Why do I need a filter?
Blood clots that develop in the veins of your legs or pelvis may break up and large pieces can travel to the lungs causing so-called pulmonary thrombo-embolism. It may result in severe damage of the lungs, pressure on your heart and even death. The purpose of the filter is to trap large fragments and prevent them from travelling to the lungs. The filter will be retrieved when your doctors decide that there is no more danger of clot propagation.
What will happen?
The procedure can be done on an outpatient basis. However, in most cases, venous thrombosis is a complex health condition, which necessitates hospitalization. You will be brought to the Interventional Radiology Suite where the interventional radiologist (a doctor specially trained in these procedures) and radiographer will explain the procedure and answer your questions. The intervention usually takes about 60 minutes. After completion, you will be monitored for 2-3 hours for possible complications or if admitted, transferred to your ward.
Do I need any blood results?
We will need to give you contrast (X-ray dye), so you should discuss any allergy history (particularly to Iodine) with the radiologist prior to booking a procedure.
You will need to have your U&E checked to assess if your kidneys can handle the contrast.
The vena cava filter placement
The procedure is similar to general angiographv.
No sedation is usually required. Under ultrasound guidance and local anesthetic, a tiny incision will be made in your groin or neck and a small soft tube (catheter) will be introduced into the vein. Contrast (X-ray dye) will be injected and series of X-rays will demonstrate inferior vena cava and identify the best spot for the filter placement. Filter delivery system will be advanced to that level and the filter will be deployed.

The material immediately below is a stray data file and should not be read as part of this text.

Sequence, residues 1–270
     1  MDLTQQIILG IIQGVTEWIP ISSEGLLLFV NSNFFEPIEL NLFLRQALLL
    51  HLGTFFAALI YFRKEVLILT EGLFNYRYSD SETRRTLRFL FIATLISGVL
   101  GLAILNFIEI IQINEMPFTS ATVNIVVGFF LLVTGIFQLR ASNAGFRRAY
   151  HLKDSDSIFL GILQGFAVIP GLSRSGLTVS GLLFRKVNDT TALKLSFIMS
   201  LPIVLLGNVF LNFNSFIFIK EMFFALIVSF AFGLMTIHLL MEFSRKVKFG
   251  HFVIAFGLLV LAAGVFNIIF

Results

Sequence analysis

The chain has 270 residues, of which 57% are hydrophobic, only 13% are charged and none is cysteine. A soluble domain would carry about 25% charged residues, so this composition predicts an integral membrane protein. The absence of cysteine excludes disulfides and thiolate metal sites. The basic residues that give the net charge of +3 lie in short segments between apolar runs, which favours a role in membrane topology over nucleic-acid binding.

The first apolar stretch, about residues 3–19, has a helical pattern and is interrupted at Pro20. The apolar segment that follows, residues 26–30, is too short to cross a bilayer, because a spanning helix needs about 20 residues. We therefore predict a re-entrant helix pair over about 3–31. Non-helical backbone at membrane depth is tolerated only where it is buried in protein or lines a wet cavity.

The procedure of filter retrieval is practically identical.
What will I feel? Does it hurt?
You will feel a bee sting when the doctor numbs the entry site. You may feel slight pressure when the delivery device is inserted in your vein, but most patients feel little or no discomfort during the procedure.
What are the risks?
The possibility of bleeding or damage of your vein is minimized by the used of ultrasound guidance.
The chance that the filter may break loose and dislodge into the heart or lung is minimal and is avoided by the careful assessment of the size of inferior vena cava and most appropriate lending zone. Follow up abdominal radiograph in 24 hours time will confirm that the filter is stable.
Very seldom, the filter may get clogged with clots resulting in swelling of the legs.
The risk of infection is very low.
When will I get my results?
The radiologist will be able to talk to you after the procedure.
When will I resume my normal activities?
This will depend on your general health condition and the interventional radiologist and your attending physician will give you proper advice.
When will the filter be removed?
It will also depend on your general condition and particularly on the results of the treatment of legs or pelvic clots. Newly manufactured filters can stay in your vein for a couple of months. Sometimes the your doctors may decide that it is unsafe to remove it, in which case it will be converted into a permanent one.